Cartoons, Computers and Antics – Page 4

        Category: #24 Winter 1988 | Article posted on: September 4, 2010

Cartoon production with Antics generally involves a blend of all these techniques. Some are extremely easy, others are quite difficult. Careful planning is essential, right from storyboard stage, to get the best balance of different techniques for the various different scenes. Basic decisions of style and story can make a great deal of difference to the production costs. And the key to it, almost certainly, is the building up of a well-designed store of stock material. The beauty of Antics is that the more you do, the easier and cheaper it gets. Producing the first five minutes of animation might well be more expensive than conventional cel technique, but once the animators have solved the basic problems, established the appropriate techniques, and built up a good stock, it gets progressively quicker and cheaper – so it actually makes greater sense for a large-scale series than it does for a one-off short cartoon.

Setting up a studio for such a project might typically involve a group of three or four animators, and perhaps three machines. Firstly, they need time to become familiar with the system, and to explore all aspects of their particular cartoon project, and time to discover how to make best use of the machine’s advantages, while overcoming its limitations and building up a basic stock. This stage will probably take several months at least, and much of the resultant work may be experimental – only when it is completed should storyboards be finalised, and full-scale production begin in earnest.

Getting familiar with Antics is part of the start-up process, and is a question in itself. Quite a number of animators have now had the chance to work with it, and have been very pleasantly surprised to find it quite easy to use, even if they had never been anywhere near a computer or paintbox before in their lives. Being easy to use isn’t the same as being easy to master – that takes longer. Antics is a rich and versatile system, with many aspects. Even though I invented it, and have been using it for fifteen years, I’m still learning and discovering things. Above all, the system enables you to invent, to use your ingenuity and make discoveries of your own – it is not just a simple push-button system for dummies. It is more like learning to play the piano – a scale in C doesn’t take long to learn, a Chopin sonata takes a bit longer. Quite simply, the more you practice, the more expert you become. Typically, though, we find a beginner needs an introductory session to go briefly through the main features, followed by a few days further exploration with occasional expert help, then a week or so solo, followed by a few days advanced course to resolve any ‘detail’ questions. It usually takes two or three weeks to go through the “beginners” stage, but to master it and fully establish your own individual style may take some months.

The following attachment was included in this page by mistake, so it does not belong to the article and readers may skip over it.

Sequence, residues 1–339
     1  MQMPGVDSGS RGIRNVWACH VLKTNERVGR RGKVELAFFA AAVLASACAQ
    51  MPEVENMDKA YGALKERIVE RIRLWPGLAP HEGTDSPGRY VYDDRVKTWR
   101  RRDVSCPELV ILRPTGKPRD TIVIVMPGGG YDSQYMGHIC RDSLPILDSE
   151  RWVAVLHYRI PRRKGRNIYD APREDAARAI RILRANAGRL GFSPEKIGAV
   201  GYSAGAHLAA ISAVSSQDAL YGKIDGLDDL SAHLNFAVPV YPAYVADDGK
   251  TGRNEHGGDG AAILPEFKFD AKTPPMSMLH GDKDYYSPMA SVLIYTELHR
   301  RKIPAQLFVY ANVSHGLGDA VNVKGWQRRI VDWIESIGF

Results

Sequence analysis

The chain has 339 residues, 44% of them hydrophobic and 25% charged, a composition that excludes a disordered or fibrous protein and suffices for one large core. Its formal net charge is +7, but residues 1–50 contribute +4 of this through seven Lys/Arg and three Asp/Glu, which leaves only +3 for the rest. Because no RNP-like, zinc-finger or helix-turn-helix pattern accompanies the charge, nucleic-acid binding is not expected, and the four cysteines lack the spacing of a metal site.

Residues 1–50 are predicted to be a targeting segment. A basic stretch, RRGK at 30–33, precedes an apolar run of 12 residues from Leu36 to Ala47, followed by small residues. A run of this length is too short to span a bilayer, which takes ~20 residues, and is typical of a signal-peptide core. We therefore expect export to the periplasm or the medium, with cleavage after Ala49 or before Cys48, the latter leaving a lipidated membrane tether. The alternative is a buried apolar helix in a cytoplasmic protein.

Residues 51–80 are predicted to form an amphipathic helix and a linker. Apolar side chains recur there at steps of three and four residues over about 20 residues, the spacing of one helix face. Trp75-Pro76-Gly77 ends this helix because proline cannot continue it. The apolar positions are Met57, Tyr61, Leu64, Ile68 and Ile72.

However, “Mastering Antics” doesn’t necessarily mean mastering everything. In practice, people quite naturally tend to specialise in different aspects. One person may be brilliant at drawing and air-brushing, but lousy at animation. One might be a wizard with graphic effects, but hopeless with skeletons, another might be the inbetweening ace, and so forth. The beauty of Antics is that being an integrated system, it enables people to work out their own specialities, rather than have them imposed on them by the system design (or union regulations, come to that). Each animation team can find its own ways of working – there are no set rules.

To sum up, it is certainly very possible to use this technique for large-scale cartoon production – but it hasn’t been done before, so inevitably it will take time to get it right. It is essential to allow a good start-up period to explore the unknowns, establish the basics and get it right.

But this is still just the beginning – Antics has been in continuous development since 1972, and it is still not completed. This is another aspect of Antics that may well be unique: its background and origins.

Most commercial systems are developed by established companies, or new companies with specifically-allocated finance. Market research is used to identify a potential market need, and a system is designed around some specific hardware, to fill a particular market niche, in a relatively short time-span. The result often tends to have a relatively short life before becoming obsolete. The systems are usually designed by programmers who rarely have any understanding of animation – they may consult with animators, but as a rule animators are unaware of the machine’s capabilities and everybody is groping in the dark towards something nobody knows quite what.

(top left) Key skeletons drawn for a ‘hopping run’. (top right) The same with inbetween skeletons added by Antics. (above left) Finished frames are then produced automatically. (above right) Some key frames.

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